us next year."
Said Waltz: "If she (Lewis)
wants to come back next year,
we'll have to rethink the whole
layout. When she decided to set up
somewhere else, we had to change
everything around to cover up the


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Wednesday, November 25, 2009


Page A-3


By Del Lessard
Beacon Staff Writer
It's official, Thomas Delanio
will start working as the new inter-
im president of Northwest Florida
State College in Niceville Dec. 1.
"I think it's important to be
there and be part of the colmnuni-
ty, even as an interim president,"
Delanio, of Gainesville, told the
Beacon last week. He and his
wife, Frances, have leased a home
on Boggy Bayou within five min-
utes of the college. He said they
are looking forward to living in
Niceville after finding several
good local restaurants serving
fresh mullet and a good breakfast.
"I grew up the son of a mullet fish-
ennan on Cedar Key," he said.
NWFSC is a great college, said
Delanio, with excellent facilities
and an outstanding faculty.
Therefore, he sees no need to
make fundamental changes as
interim president.
The school's budget, however,
will require his attention, Delaino
said, both here and in Tallahassee.
State funding for Florida colleges
has been cut in recent years, he
said, and the trend may well con-
tinue in the next year or two as the
state continues to face fiscal short-
falls. With the economy down
and enrolhnents up, Delanio said,
colleges are being forced to do
more with less. There is, howev-


er, "only so much you can ask the
faculty to do" without more fund-
ing, he said.
In his new job, Delaino hopes
to provide the 15,000-student col-
lege, which employs about 700, "a
little stability and reassurance"
that the school is still doing an
excellent job and has the support
of the community.
Delanio
retired in --
2008 after
six years as
the president
of Pensacola
J unior
College. He
said he was
w e I1
acquainted
with the Thomas Delaino
Panhandle
and NWFSC and the Niceville
area. He said he and his wife like
the Panhandle area and enjoy
Panhandle athletics, and had often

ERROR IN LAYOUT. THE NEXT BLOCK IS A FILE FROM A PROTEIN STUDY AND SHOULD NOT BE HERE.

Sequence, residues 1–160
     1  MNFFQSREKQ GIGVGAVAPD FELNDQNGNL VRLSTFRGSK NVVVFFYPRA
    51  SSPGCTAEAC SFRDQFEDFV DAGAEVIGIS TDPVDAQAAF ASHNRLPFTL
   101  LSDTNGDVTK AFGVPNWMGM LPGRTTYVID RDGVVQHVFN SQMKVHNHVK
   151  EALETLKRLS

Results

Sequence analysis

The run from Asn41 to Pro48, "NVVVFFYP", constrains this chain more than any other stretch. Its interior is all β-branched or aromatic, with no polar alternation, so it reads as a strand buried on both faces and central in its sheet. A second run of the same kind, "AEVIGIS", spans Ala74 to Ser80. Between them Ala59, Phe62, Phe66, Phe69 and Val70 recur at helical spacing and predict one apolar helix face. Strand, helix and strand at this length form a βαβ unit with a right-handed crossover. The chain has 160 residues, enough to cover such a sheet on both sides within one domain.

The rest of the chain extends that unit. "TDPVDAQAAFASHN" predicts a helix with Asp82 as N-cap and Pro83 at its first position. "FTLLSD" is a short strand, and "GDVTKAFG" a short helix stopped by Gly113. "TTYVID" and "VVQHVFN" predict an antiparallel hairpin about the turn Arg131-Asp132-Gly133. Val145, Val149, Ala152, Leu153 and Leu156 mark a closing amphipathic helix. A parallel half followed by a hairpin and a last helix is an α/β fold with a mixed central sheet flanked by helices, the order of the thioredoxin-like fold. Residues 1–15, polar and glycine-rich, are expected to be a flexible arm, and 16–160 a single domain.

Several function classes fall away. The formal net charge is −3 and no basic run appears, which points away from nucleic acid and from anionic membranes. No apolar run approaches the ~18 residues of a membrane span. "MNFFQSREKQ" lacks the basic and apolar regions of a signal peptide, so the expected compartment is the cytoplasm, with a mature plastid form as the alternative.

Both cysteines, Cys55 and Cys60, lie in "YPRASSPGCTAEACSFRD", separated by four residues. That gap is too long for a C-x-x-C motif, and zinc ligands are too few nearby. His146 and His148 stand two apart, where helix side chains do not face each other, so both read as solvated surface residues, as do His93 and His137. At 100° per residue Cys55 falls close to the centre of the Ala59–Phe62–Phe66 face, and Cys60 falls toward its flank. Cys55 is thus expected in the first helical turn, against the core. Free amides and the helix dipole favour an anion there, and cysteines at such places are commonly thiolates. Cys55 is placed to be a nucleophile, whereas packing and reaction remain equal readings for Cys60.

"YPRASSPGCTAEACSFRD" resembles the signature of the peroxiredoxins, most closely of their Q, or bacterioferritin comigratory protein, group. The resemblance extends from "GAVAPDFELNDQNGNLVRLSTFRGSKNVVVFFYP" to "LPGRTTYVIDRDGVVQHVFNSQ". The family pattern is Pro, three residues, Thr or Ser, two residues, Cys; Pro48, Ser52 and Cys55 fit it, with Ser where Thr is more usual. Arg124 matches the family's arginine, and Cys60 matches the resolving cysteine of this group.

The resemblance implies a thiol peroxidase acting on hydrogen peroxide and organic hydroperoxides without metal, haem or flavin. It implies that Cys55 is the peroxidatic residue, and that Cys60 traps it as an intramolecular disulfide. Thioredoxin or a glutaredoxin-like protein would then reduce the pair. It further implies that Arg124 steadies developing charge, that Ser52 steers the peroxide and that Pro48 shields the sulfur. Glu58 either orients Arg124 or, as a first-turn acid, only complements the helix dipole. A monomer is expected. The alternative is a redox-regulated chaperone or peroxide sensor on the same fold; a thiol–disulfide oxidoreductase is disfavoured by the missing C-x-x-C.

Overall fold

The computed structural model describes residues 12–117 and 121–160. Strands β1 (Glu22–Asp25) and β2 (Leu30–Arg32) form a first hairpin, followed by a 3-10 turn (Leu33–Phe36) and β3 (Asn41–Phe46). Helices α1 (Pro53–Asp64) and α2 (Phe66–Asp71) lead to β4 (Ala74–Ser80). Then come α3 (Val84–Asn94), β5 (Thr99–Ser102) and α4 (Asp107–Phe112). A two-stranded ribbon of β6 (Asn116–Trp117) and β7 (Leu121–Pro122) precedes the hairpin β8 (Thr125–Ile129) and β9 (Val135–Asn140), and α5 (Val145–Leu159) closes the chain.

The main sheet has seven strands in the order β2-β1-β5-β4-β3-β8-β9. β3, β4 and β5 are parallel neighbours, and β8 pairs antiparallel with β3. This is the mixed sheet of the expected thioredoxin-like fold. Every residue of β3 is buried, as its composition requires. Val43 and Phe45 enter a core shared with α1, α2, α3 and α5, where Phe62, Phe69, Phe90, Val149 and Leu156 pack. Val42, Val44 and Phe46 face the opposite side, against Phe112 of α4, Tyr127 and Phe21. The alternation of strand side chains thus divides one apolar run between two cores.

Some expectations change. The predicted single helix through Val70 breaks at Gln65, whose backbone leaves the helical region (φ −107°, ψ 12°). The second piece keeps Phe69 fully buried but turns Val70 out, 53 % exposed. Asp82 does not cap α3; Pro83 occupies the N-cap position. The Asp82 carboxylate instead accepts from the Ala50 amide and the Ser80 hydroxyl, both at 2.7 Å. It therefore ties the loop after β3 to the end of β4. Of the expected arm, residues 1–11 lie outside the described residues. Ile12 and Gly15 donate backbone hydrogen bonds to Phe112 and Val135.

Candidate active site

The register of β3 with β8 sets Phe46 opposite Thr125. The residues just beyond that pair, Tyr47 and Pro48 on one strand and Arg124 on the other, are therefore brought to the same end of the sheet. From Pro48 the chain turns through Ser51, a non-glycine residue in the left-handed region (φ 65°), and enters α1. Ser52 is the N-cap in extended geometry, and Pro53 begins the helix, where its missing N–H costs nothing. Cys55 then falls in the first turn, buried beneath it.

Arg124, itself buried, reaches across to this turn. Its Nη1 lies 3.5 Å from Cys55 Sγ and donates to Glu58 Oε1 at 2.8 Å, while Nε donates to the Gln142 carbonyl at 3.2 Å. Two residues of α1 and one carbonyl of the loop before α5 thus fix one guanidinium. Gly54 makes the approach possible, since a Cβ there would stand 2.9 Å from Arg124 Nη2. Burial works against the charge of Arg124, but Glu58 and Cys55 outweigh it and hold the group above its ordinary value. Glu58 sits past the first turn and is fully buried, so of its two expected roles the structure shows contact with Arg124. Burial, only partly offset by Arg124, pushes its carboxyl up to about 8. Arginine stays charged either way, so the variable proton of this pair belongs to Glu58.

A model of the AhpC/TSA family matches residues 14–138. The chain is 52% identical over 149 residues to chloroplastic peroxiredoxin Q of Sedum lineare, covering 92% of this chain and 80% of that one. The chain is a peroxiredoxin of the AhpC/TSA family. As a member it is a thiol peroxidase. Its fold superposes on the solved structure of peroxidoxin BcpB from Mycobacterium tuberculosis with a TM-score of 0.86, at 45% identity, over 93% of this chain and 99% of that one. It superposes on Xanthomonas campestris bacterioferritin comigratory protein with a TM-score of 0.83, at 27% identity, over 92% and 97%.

watched PJC's Pirates compete
against the Raiders. When current
interim president Jill White asked
him if he was interested in filling
her position for a few months, he
said it was a given he'd be inter-
ested.
White, who once taught at
PJC, had recommended to trustees
Delanio and one other candidate
to replace her. White, who Dec. 1


will return to her role as the col-
lege's senior vice president, is set
to retire Feb. 1 from that position.
The college's top post became
available after the board of
trustees fired long-time president
James R. Richburg April 28.
Richburg, who had been president
of the college since 1987, was
indicted by a Tallahassee grand
jury April 17 on two charges-
official misconduct and perjury-
related to a $6 million legislative
appropriation for construction of a
controversial college building at
the Destin airport. A state judge
later tossed out the perjury charge
and much of the misconduct
charge, which Richburg denies.
He is awaiting trial.
The NWFSC Board of
Trustees unanimously approved a
six-month contract with Delanio
last week. Under the tenns of the
contract Delanio will serve from
Dec. 1 through May 31 as the
interim president of the college
while the board continues to
search for a pennanent chief.
He will be paid $15,000 per
month in salary, with a $2,300
monthly housing allowance. He
will be loaned a college
Blackberry, but will not be provid-
ed a car and won't get health insur-
ance since he already has insur-
ance under his retirement plan.
The contract can be renewed on a


month-to-month basis after May
31, but he cannot apply for the
permanent post.
Applicants for the permanent
position of president of the college
have until Dec. 4 to submit an
application. College officials last
week said they'd received between
25 and 30 applications.
In other business at the Nov.
17 board meeting, trustees
approved a $171,994 contract
with Harrington Electric, the low
bidder, to install street lighting on
the Niceville campus's new "loop"
road. Six other contractor's sub-
mitted bids:
-DAJ Electric, LLC,
$293,900.
--Bill Smith Electric,
$192,609.
-F & M Electric, $235,986.
--Herndon Electric, Inc.,
$321,299.
-A.E. New, $256,600.
--Coltin, $263,018.
-Approved an agreement
with Okaloosa and Walton coun-
ties that allows NWFSC seniors in
the college's baccalaureate teach-
ing program to intern as student